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In the Classroom > African Americans Lessons

In Exchange for Rum

Grade Level: 4 - 6

Massachusetts History and Social Science Frameworks

Gr. 4 Learning Standards
Describe the climate and major natural resources of Central America and the Caribbean Islands and explain their relationship to the economy of those regions.

Gr. 5 Learning Standards
Explain the importance of maritime commerce in the development of the economy of colonial Massachusetts, using historical societies and museums as needed.
B. trans-Atlantic trade

5.12 Explain the causes of the establishment of slavery in North America. Describe the harsh conditions of the Middle Passage and slave life, and the responses of slaves to their condition. Describe the life of free African Americans in the colonies.

Summary and Objective

Students will:

  • understand that slaves were commodities of the Triangular Trade.
  • explore where some commodities originated from and went.
  • explore the various values of these items.

Needed for the Lesson

Images and maps to print:

Miscellaneous materials needed:

  • small piece of wood
  • container of salt
  • scrap of fabric (ideally linen or wool)
  • container of molasses
  • dried peas
  • china teacup

Teaching the Lesson

  1. Print one copy of the import/export images and cut out each image.
  2. Ask the class the following questions:
    • What does it mean to be a colony?
    • What are imports? Exports?
    • What do you know about the Triangular Trade?
  3. Using the North Atlantic Ocean map, review with students the major areas involved in the Triangular Trade. Include England, the west coast of Africa, the Caribbean and the American colonies.
  4. Set out the 4 maps of Trianglar Trade destinations (British Isles, Africa, Caribbean, 13 American colonies). It helps to group the American and Caribbean colonies maps together. Tell students they will be finding out about how some items fit into the Triangular Trade. Hand out items and images; use wood fabric, rum bottle image, glassware image, salt, peas, livestock images, salt cod image, molasses, teacup, sugar cone image. They can either take turns placing their item on the map where they think it originated and tell you where it went, or they can tell you where it originated and place it on the destination map. It might be helpful to ask the students with the sugar and molasses to report out first. Possible topics to discuss:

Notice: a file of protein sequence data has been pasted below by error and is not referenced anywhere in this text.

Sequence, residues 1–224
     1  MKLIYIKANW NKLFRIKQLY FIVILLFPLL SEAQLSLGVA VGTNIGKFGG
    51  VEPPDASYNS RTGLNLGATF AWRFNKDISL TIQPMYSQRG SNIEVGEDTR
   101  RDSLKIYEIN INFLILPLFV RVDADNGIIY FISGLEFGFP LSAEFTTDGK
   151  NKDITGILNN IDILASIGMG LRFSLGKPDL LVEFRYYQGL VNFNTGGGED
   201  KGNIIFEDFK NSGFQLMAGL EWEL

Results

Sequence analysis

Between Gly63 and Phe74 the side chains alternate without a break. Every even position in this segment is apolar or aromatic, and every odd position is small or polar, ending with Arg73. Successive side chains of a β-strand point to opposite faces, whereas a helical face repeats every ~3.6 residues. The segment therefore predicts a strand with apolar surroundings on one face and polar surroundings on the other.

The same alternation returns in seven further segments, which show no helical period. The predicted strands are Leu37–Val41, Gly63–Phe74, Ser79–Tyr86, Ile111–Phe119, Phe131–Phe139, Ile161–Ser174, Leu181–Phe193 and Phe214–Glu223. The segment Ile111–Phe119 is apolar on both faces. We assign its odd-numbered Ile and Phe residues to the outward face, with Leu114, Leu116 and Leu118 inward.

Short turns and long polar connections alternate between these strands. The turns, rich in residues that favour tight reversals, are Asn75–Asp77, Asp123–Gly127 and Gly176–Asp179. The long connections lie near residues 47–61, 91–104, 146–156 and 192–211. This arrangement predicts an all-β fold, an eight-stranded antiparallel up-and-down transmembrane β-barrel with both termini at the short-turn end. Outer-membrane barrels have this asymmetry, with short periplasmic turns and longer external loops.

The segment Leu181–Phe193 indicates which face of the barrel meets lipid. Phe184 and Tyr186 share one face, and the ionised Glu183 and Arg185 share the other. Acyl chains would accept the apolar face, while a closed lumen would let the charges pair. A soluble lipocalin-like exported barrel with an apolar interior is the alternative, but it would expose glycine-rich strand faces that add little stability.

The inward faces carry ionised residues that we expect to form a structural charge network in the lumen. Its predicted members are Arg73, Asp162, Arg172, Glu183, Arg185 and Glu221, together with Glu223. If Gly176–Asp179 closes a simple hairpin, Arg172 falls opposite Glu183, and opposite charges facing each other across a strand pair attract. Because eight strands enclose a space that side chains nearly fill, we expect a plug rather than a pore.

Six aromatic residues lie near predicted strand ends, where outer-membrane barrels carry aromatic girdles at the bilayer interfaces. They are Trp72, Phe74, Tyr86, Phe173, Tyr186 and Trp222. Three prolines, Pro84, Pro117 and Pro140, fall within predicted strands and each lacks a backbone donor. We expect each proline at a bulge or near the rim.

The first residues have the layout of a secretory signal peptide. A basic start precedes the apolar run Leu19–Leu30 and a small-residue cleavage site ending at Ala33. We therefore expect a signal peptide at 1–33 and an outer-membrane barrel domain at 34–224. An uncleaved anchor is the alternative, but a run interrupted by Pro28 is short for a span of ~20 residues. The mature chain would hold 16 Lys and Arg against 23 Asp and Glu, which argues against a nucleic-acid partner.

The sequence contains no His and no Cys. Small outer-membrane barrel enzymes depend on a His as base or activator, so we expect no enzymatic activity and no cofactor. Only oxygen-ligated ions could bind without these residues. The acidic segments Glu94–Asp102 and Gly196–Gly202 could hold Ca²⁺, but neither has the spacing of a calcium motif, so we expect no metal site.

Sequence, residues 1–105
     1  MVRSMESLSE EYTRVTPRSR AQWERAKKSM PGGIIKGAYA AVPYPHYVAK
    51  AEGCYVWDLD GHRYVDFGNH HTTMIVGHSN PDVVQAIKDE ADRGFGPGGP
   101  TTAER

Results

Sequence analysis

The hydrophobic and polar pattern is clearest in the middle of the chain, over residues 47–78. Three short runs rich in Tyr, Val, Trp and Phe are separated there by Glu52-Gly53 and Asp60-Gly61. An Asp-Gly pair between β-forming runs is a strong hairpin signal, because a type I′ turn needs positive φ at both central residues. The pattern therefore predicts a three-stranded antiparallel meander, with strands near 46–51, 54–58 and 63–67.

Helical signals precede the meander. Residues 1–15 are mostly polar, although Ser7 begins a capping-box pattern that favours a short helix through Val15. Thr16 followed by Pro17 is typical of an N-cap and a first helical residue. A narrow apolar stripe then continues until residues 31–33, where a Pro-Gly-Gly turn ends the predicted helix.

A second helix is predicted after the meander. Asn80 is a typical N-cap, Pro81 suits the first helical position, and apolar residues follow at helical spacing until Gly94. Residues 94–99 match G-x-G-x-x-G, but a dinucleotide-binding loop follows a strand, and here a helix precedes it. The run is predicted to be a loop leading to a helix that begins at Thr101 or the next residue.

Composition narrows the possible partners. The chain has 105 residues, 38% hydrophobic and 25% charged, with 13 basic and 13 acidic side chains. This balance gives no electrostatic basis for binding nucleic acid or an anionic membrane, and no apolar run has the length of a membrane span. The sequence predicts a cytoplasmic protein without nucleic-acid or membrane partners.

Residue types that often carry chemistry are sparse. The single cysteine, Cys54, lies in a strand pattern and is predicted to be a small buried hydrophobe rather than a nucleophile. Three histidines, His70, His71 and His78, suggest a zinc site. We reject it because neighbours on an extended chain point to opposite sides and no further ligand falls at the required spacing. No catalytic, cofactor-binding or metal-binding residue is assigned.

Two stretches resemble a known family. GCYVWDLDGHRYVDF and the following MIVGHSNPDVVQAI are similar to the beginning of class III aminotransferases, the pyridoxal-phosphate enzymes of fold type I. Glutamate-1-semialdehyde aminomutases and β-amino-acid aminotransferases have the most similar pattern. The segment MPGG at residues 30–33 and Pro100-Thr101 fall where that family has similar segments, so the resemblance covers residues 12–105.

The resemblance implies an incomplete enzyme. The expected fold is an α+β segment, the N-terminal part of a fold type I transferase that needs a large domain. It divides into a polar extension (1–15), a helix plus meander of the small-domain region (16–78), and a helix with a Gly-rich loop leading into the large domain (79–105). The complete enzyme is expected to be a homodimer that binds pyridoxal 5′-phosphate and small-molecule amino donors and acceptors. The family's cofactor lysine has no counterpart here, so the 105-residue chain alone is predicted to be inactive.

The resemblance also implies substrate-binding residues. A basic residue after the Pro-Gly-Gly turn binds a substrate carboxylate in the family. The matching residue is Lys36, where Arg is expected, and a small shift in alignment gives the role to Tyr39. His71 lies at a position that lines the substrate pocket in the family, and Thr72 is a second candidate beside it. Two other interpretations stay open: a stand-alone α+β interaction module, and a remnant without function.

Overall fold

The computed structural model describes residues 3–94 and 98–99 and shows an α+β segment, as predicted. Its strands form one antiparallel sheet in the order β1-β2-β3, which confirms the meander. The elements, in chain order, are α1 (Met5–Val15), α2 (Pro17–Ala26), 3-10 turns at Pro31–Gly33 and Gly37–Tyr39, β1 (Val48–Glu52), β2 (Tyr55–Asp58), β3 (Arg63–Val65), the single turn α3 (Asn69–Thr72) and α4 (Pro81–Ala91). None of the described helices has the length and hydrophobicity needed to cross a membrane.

• Observe the types of items (i.e. finished goods VS raw materials) imported or exported to or from the various destinations.
    • Discuss the purpose of a colony (to supply the mother country with raw materials and purchase finished goods from her).
    • Why don’t people in the Caribbean islands grow more food? Why do they need to import items such as peas and livestock? (They devoted all possible farmland to growing sugarcane, which would bring in more income than other foodstuffs.)
  5. Hand a child the picture of the slaves. Where were they from? Where did they go? (Explain that some slaves were taken to the Caribbean and some went straight to the American colonies.) Examine again the Triangular Trade items and discuss what might have been used to purchase a slave, aside from money. (Cloth, rum) A slave was a “commodity” of the Triangular Trade. What does that mean? (A trade item, the term is often used in regard to shipping; also something of use)
  6. Think about the use and value of each thing on the list of Triangular Trade items you examined. Read excerpts from “Northern Profits from Slavery” and “Triangular Trade”. What do you think is the most important trade item? Why? Explain how it might be said that sugar ran or fueled the Triangular Trade economy. Aside from using it in cooking, what was sugar good for? (It was used in making rum, which brought in money for buying slaves and finished goods)

Answers to step #4: mapping the triangle trade

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